President Trump threatened a new tariff on all Mexican goods, potentially scuttling the NAFTA/USMCA agreement. My colleague Wayne Crews went through the new Spring 2019 Unified Agenda and found 3,791 new regulations in the pipeline, and the 2019 Federal Register surpassed 25,000 pages. Meanwhile, during a four-day week due to Memorial Day, rulemaking agencies published new regulations ranging from anchovies to inertia locking devices.
The number of new final regulations this year topped 1,000 last Tuesday, and President Trump and Congress entered Memorial Day weekend at odds on issues ranging from infrastructure to the renegotiated NAFTA/USMCA trade agreement. Meanwhile, rulemaking agencies marked the unofficial start of summer with new regulations ranging from temporary safety zones to potato handling.
The ability of citizens to communicate privately and to retain anonymity if desired are foundational rights slipping away in the regulatory panopticon of the administrative state.
In keeping with the tradition of ignoring political failure in service of the administrative state, the economic and social effects of GSEs, or government-sponsored enterprises, are ignored as regulatory costs or as costs of intervention into the free economy.
The Game of Thrones finale aired last night, though the show’s less-plausible Washington spinoff appears set to continue indefinitely, and with a rather larger budget. In related trivia, dragons appear in twenty-five Federal Register documents so far this year, or more than one per week. The number of new regulations this year will also likely top one thousand next week. Meanwhile, rulemaking agencies issued new regulations ranging from nursery industry guides to package delivery signatures.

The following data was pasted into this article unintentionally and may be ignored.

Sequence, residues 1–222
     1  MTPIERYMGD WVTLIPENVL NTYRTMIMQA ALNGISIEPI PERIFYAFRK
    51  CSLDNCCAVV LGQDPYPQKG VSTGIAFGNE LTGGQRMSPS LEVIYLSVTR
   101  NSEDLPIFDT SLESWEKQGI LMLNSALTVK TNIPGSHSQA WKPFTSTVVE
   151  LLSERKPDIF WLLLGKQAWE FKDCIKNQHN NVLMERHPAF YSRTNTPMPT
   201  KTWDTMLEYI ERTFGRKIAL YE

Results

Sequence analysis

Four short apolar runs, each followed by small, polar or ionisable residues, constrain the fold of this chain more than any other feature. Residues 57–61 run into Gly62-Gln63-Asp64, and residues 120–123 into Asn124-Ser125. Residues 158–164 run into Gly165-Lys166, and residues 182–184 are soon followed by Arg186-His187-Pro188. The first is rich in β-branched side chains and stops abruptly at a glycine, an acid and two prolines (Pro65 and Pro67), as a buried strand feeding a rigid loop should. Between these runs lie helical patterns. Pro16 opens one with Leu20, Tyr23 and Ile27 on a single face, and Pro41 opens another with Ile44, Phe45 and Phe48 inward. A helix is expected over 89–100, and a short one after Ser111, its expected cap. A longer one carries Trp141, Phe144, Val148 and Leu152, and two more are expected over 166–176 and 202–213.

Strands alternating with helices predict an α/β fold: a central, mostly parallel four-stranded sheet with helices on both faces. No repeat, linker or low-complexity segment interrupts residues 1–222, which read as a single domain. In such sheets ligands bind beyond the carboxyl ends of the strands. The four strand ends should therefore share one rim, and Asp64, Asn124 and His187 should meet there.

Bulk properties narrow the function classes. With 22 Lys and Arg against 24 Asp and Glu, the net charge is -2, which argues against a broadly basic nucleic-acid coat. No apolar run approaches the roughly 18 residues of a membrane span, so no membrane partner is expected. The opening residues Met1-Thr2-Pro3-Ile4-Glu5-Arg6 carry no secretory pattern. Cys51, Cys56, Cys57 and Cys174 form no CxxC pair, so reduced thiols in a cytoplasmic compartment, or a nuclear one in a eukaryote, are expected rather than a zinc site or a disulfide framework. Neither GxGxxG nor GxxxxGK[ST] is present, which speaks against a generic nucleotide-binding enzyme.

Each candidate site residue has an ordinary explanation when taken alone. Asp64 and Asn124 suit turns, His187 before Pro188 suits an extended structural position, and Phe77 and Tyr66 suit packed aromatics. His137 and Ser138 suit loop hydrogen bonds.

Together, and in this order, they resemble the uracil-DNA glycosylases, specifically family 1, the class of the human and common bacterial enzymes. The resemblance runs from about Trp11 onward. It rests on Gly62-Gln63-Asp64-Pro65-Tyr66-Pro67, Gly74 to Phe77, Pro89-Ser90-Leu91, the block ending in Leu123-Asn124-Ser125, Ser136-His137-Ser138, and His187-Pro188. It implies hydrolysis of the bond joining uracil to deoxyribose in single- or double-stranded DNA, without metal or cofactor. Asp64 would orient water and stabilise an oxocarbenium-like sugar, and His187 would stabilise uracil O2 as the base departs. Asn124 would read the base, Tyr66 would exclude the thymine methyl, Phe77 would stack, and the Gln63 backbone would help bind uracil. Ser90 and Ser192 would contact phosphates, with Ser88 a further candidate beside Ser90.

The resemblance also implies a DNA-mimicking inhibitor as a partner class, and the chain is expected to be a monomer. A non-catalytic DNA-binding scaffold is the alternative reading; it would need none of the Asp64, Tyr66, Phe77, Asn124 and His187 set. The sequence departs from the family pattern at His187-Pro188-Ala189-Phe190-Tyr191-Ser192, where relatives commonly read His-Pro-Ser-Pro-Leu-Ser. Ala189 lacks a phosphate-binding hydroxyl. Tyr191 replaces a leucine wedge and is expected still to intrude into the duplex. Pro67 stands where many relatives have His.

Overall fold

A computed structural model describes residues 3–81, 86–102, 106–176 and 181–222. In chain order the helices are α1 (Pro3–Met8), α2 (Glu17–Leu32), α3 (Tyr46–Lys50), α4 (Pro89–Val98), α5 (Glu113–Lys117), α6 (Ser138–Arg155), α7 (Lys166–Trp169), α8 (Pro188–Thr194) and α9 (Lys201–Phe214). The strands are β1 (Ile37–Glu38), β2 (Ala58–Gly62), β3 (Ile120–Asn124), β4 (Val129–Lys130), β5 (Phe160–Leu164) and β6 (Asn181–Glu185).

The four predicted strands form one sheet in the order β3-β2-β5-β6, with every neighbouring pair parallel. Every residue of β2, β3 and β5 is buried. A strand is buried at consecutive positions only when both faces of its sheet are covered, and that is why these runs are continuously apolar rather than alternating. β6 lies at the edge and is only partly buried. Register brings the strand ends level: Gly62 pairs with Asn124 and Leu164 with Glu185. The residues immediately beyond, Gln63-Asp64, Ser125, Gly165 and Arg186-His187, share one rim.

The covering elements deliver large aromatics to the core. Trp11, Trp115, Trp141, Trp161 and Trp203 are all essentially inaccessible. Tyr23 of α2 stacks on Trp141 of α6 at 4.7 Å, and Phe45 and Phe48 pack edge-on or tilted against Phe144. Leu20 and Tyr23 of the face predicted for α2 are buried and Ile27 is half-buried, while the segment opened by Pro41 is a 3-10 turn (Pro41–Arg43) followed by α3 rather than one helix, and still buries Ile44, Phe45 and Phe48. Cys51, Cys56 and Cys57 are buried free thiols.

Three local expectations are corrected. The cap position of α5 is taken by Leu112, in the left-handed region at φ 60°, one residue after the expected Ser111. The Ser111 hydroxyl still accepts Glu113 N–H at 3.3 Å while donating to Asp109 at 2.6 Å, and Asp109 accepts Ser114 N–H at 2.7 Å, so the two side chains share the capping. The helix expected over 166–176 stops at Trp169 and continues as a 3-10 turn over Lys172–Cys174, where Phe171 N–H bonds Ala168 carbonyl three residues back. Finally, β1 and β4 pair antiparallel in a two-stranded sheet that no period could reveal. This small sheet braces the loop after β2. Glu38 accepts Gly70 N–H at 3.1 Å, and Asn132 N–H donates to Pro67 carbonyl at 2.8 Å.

Facebook co-founder Chris Hughes called for breaking up the company; CEI’s Iain Murray and Kent Lassman explain why that’s a bad idea. CEI also released the 2019 edition of “Ten Thousand Commandments.” On Friday, President Trump enacted a new 25 percent tariff on $200 billion of Chinese goods. Meanwhile, rulemaking agencies issued new regulations ranging from tariff applications to habitat descriptions.
Earlier this week I had the good fortune to spend some time at the historic Mayflower hotel here in Washington, D.C. attending the Federalist Society’s 7th Annual Executive Branch Review conference. Organizers had assembled an impressive array of government officials and legal experts to present on and debate the state of the nation’s Article II governance.
Not one, but two potential Federal Reserve Board nominees withdrew from consideration last week, and economic growth and unemployment remained in excellent health. Meanwhile, with the 2019 Federal Register poised to exceed 20,000 pages this week, rulemaking agencies issued new regulations from TV channel lineups to postal products.
While Washington’s “This Town” types geared up for the White House Correspondents’ Dinner, the rest of the country flocked to movie theaters for a much more realistic and wholesome form of entertainment—“Avengers: Endgame.” Meanwhile, rulemaking agencies issued new regulations from Mushroom Council membership to hydroelectric licenses.